Testing error cases Source
“It was not just enough to be able to write the logic tests and use all those cool tools, we have to have maximum test coverage for the logic layer” — She cried in her head.

After a long session of cursing-the-world due to the above “incident”, she got back to work with a cup of tea and clear mind. Then suddenly! it struck her that her whole life has been a lie. She didn’t really have to “Create” an HttpException when she had Mockito . She modified her test as follows :

AWESOME! She was able to test all the error cases just like the above. Have a look at her Presenter Test here. She again got a feeling of excitement that this might be the end of all testing-madness finally. She crossed her fingers and ran the testCodeCoverage tasks.

AND! BAM! Again “Not Enough Code Coverage! OH GOD WHY

Again Not Enough Test Coverage Source

She checked the test report and found out thatPokeDataSource had 0 lines of coverage. Ohhhhh! She still had to test her DataRepository.

Testing the DataRepository

Next morning, she started testing her DataRepository which had the following public API getPokemonAbilityStringObservable() :

She again began Mocking stuff and by now she had started to almost hate the word Mock itself. She would do anything to not use the when-then-what-who-how anymore.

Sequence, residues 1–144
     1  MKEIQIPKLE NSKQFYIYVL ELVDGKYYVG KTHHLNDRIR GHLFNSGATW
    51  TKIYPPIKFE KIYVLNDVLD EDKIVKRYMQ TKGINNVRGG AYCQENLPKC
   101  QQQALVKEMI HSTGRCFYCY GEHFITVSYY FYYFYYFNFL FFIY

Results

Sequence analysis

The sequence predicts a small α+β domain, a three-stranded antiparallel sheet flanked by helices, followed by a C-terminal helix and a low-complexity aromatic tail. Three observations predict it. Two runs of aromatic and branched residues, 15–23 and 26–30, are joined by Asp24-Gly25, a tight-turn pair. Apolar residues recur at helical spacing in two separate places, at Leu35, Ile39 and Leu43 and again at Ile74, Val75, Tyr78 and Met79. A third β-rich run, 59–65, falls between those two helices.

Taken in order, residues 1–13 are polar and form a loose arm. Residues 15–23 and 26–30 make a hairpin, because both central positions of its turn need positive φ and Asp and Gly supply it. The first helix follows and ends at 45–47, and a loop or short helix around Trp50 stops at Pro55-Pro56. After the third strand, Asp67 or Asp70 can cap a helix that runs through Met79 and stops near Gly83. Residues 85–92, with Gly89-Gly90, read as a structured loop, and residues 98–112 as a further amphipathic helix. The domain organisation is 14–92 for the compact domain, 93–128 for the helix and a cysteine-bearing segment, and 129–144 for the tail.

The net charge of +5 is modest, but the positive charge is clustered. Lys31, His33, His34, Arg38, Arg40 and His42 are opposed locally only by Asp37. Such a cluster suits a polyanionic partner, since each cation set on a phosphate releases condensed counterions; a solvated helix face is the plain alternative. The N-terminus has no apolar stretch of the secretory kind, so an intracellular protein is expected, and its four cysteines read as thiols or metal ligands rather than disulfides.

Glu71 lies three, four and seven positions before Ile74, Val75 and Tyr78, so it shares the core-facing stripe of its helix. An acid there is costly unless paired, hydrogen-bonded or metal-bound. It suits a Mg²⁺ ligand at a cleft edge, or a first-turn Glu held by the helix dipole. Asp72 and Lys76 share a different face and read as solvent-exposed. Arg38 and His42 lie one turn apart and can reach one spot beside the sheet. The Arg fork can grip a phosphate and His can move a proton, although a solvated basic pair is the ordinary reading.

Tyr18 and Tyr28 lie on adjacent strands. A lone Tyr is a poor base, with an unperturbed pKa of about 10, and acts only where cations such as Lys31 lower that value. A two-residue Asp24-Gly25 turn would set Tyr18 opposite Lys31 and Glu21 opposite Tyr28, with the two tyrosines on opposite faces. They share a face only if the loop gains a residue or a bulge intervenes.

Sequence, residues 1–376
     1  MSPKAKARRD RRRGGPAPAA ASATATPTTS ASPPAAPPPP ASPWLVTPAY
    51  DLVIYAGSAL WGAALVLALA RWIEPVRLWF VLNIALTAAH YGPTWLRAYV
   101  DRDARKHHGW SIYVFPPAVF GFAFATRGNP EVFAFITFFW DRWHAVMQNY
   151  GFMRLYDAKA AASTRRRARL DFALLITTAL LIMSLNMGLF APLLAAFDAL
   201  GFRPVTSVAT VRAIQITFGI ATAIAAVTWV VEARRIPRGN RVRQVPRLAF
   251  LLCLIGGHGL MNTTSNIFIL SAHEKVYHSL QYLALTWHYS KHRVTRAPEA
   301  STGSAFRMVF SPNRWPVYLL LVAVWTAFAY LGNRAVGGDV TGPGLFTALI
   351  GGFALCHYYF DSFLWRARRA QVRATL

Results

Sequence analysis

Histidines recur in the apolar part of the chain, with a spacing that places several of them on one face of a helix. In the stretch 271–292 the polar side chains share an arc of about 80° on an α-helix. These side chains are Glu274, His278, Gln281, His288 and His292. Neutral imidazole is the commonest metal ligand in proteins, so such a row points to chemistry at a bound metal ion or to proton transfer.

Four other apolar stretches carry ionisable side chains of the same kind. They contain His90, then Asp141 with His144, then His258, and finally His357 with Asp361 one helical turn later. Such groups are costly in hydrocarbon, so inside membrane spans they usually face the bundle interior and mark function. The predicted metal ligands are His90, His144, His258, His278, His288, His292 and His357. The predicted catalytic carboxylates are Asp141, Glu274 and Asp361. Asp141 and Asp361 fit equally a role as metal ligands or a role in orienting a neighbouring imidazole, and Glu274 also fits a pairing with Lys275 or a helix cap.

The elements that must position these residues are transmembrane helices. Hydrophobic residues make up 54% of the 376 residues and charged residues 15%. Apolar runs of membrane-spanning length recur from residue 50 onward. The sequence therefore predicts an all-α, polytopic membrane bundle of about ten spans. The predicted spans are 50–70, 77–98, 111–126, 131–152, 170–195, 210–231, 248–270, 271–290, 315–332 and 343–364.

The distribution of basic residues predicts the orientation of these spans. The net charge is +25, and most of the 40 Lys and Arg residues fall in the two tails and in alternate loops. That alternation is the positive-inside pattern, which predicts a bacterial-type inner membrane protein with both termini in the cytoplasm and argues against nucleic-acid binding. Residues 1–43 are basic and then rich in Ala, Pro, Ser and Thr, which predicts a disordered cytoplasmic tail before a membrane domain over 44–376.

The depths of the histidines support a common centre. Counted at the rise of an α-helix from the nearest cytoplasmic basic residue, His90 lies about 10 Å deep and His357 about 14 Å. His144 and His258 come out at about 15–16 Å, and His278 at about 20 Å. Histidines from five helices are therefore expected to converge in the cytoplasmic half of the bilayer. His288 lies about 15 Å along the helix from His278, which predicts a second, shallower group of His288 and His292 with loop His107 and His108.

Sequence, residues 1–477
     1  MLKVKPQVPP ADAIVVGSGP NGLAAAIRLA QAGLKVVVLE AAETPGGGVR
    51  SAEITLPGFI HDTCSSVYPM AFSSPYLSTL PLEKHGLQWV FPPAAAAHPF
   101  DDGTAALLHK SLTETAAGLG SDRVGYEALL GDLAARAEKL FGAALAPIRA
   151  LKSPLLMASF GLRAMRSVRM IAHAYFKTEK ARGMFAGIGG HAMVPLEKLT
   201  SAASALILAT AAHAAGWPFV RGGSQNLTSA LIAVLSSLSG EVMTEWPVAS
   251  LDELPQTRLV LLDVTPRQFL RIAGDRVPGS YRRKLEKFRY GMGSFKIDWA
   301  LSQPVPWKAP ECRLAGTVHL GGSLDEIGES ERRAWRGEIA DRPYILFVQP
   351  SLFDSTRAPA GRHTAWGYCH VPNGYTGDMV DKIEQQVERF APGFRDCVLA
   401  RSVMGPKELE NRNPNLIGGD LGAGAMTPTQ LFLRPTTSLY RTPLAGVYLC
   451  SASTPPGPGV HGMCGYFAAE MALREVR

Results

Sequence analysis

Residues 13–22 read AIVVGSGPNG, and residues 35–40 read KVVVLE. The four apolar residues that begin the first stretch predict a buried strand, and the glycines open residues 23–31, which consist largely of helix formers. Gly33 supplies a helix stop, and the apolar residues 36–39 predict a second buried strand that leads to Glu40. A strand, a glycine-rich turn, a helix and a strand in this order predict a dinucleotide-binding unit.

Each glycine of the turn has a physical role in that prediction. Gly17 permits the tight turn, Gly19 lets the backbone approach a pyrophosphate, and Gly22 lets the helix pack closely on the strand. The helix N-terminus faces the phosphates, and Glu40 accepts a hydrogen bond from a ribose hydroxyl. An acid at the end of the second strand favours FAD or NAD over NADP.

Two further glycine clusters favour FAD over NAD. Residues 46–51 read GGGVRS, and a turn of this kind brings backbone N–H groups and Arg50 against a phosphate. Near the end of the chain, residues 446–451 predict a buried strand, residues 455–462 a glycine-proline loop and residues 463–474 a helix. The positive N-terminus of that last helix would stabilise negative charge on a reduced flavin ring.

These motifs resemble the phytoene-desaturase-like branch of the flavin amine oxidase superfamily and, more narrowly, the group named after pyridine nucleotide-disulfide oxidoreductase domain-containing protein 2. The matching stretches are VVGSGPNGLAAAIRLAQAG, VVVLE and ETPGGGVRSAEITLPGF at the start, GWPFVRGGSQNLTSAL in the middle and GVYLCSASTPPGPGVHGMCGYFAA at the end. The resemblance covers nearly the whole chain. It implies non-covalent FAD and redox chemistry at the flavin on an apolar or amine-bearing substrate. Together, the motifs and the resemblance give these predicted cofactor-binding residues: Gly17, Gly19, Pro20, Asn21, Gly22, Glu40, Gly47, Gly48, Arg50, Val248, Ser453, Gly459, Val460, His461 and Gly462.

Now that we are testing the data source, we need to have some sort of mock data that should be provided here, to be able to test the DataRepository properly. We could continue using Mockito and write something like :

when(pokemonService.getPokemon(anyString()))
.thenReturn(getMockPokemonResponse());

Main issue with the @Mocked PokemonService is the creation of Mock Response. The method getMockPokemonResponse() is the main culprit.

It would have still been manageable if she was testing for only pokemon.getId(). In order to be able to test the functionality properly, she had to feed it all sorts of not-so-cute values of Pokemon. Have a look at the complexity of the above response here.